These results were achieved through careful and purposeful scaffolding with technology throughout the school year. The use of technology in October was vastly different from how it was used in May. October was filled with lessons about logging in, shutting down, winding up cords on headphones, and how to wait patiently for help. Some of these lessons involved me using prep time to set-up computers and then running back and forth across the room to help panicked kinders who lost their tab or accidentally logged out.


However, by December, we participated in the Hour of Code, made our own light design on one of the White House Christmas trees, and had started using Khan Academy. By March, I was using Khan Academy and ThinkCentral (a curriculum resource) while also working with small groups to differentiate instruction. And by the end of the year, my students further developed their coding skills, created a digital story with a partner utilizing the Little Bird Tales software, and had explored Google Street View to learn about different landscapes (as a way to integrate science and social studies).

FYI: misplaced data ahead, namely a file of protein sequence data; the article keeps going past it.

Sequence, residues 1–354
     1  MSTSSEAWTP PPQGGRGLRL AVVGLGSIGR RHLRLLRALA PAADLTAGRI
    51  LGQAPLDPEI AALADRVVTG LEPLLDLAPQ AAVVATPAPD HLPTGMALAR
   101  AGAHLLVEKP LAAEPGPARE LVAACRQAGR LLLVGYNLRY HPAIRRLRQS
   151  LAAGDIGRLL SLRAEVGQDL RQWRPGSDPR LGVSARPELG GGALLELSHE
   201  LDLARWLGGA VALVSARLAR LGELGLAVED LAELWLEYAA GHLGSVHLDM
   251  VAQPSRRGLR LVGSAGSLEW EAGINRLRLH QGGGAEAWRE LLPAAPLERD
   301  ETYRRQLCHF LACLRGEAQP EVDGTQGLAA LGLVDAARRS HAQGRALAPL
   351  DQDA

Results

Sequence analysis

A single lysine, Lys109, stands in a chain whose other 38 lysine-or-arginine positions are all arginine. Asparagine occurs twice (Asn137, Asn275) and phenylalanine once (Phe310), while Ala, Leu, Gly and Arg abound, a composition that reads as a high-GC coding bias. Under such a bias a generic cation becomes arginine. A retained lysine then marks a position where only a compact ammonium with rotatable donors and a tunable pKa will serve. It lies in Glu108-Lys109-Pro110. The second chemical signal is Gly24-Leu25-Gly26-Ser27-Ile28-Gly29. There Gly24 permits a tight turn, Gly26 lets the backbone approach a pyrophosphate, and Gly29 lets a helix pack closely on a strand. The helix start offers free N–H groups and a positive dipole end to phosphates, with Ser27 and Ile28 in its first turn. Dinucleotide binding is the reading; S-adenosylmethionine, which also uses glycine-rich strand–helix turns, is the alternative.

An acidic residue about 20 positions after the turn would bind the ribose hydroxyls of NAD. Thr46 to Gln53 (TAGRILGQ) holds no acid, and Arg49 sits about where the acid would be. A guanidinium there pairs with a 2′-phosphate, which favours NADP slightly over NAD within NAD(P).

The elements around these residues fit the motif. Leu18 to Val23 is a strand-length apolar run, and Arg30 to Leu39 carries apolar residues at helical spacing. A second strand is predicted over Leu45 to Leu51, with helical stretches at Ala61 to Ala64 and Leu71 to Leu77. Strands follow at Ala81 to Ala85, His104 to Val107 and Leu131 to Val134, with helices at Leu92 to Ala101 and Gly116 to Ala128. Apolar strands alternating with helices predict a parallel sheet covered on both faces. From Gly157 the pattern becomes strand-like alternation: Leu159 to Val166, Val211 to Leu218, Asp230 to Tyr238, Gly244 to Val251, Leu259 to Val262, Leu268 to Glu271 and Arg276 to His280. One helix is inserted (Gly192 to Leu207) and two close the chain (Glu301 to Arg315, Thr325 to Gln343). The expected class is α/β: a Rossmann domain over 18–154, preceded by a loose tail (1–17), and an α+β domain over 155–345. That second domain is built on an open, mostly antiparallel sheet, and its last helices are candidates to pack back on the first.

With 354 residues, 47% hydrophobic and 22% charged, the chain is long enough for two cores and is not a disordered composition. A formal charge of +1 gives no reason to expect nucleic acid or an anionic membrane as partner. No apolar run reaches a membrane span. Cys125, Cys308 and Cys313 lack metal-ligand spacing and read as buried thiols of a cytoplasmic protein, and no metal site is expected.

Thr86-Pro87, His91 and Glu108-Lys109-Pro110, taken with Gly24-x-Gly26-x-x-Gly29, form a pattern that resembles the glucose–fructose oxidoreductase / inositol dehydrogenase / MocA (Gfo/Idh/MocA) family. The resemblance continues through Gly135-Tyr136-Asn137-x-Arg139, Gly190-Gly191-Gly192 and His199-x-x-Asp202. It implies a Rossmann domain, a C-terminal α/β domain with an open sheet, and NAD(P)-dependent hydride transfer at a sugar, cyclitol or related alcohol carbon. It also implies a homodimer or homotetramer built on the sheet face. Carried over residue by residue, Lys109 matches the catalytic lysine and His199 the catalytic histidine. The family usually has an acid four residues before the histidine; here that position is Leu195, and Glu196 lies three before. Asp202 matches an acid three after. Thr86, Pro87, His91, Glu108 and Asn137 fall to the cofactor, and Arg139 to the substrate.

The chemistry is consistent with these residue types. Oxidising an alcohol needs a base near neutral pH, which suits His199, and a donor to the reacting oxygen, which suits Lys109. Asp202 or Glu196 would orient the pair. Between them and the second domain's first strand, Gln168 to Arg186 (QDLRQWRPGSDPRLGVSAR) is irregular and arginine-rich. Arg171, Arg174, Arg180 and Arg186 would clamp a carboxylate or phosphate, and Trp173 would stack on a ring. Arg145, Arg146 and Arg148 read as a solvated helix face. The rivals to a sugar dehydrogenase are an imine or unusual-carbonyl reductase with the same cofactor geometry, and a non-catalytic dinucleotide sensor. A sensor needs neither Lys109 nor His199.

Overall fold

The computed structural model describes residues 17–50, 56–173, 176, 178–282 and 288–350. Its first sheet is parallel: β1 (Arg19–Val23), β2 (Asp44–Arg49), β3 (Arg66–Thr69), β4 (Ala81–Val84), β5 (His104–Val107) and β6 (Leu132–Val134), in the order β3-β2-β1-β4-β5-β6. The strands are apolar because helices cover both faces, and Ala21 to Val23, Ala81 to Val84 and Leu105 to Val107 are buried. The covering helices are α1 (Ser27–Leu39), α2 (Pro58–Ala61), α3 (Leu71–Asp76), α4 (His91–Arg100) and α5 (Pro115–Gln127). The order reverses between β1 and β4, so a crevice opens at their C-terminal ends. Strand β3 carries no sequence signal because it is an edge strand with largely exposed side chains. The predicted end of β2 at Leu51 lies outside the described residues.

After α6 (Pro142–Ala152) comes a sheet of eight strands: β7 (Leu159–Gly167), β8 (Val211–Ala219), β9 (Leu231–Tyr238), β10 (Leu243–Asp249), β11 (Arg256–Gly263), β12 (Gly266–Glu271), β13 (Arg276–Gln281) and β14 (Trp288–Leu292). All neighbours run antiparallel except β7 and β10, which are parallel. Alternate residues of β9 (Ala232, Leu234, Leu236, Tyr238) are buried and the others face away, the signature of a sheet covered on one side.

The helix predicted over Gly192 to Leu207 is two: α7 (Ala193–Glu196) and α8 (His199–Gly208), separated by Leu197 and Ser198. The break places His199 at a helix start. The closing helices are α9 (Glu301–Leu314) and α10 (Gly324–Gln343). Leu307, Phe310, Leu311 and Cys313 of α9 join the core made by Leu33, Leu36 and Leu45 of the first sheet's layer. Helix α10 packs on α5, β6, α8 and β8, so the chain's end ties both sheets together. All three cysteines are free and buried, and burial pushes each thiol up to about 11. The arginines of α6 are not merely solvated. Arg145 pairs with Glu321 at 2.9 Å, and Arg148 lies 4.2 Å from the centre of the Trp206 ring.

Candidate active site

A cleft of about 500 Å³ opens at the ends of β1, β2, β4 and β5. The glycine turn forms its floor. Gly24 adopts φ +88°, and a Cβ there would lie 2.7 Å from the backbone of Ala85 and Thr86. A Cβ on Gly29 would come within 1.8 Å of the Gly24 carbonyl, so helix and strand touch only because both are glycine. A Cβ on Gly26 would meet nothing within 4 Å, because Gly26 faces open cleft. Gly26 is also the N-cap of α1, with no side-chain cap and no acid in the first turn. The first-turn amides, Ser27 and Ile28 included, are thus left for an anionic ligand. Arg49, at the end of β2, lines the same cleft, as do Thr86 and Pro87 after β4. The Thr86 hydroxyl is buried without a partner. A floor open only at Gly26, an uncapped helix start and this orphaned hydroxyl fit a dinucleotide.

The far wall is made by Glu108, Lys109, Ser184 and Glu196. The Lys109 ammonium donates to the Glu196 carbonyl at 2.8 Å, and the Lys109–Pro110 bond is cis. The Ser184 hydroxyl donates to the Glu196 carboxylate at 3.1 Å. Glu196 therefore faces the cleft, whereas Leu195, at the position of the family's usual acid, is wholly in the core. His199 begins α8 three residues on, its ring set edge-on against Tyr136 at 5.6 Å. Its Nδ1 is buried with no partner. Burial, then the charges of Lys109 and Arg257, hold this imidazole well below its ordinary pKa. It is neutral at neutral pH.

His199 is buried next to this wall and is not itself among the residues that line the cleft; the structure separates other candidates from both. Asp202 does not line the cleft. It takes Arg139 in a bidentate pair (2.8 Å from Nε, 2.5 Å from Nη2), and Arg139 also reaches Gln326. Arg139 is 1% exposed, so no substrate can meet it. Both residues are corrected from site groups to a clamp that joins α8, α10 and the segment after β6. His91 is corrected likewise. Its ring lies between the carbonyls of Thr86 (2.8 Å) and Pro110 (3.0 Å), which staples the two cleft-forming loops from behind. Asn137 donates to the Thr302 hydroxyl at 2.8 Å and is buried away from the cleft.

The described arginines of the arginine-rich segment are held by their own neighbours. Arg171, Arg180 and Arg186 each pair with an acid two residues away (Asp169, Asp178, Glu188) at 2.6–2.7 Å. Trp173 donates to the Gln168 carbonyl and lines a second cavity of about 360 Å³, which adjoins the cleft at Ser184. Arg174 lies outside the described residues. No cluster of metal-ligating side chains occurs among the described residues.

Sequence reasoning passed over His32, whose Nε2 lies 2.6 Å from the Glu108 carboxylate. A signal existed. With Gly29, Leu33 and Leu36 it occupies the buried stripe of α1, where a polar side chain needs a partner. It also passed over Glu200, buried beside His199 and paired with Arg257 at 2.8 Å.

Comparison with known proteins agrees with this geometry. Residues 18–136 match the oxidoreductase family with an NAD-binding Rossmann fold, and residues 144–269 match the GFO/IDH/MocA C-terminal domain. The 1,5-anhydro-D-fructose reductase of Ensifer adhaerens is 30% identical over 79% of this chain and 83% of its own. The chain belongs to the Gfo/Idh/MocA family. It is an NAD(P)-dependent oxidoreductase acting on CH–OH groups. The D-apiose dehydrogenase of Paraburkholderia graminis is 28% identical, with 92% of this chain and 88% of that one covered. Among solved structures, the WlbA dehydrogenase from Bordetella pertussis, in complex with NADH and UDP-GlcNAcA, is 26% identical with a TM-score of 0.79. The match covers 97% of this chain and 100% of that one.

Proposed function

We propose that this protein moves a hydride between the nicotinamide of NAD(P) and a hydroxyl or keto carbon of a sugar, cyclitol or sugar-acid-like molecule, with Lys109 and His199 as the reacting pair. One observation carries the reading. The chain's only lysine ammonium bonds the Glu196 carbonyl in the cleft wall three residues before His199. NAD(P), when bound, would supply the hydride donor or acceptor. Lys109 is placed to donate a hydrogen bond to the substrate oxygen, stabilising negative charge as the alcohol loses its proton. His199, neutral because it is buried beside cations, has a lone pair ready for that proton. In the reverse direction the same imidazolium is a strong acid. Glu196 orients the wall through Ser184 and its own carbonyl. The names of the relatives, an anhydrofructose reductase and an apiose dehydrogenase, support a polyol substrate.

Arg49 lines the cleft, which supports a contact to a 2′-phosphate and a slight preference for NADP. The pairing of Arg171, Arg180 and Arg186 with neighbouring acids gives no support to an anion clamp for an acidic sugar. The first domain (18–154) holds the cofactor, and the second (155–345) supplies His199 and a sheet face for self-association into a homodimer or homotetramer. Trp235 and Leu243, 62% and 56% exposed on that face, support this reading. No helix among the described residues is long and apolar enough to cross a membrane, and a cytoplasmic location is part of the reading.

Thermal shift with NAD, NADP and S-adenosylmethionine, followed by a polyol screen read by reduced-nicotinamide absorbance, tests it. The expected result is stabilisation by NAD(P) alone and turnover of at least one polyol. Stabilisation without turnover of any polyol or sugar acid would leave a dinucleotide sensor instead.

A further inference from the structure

Here are my 11 strategies for blending technology into the kindergarten classroom:

  1. Use software that is age-appropriate. Look for programs that don’t require a lot of reading, that are interactive and visual, and will be fun and engaging for this age group. I would suggest creating a test account for yourself so you have full access to the student experience.


    Tip:
    One way to track down resources like this is to use hashtags on Twitter to ask other educators what they’re using; also, consider checking out EdTech indexes like the one EdSurge has created to help you track down the right edtech for you.

  2. Use tech as a tool instead of a supplement. Avoid the traditional “computer time,” by integrating technology in meaningful ways. Using your learning objectives as a guide, ask, Hhow can I use technology to help my students achieve their goals?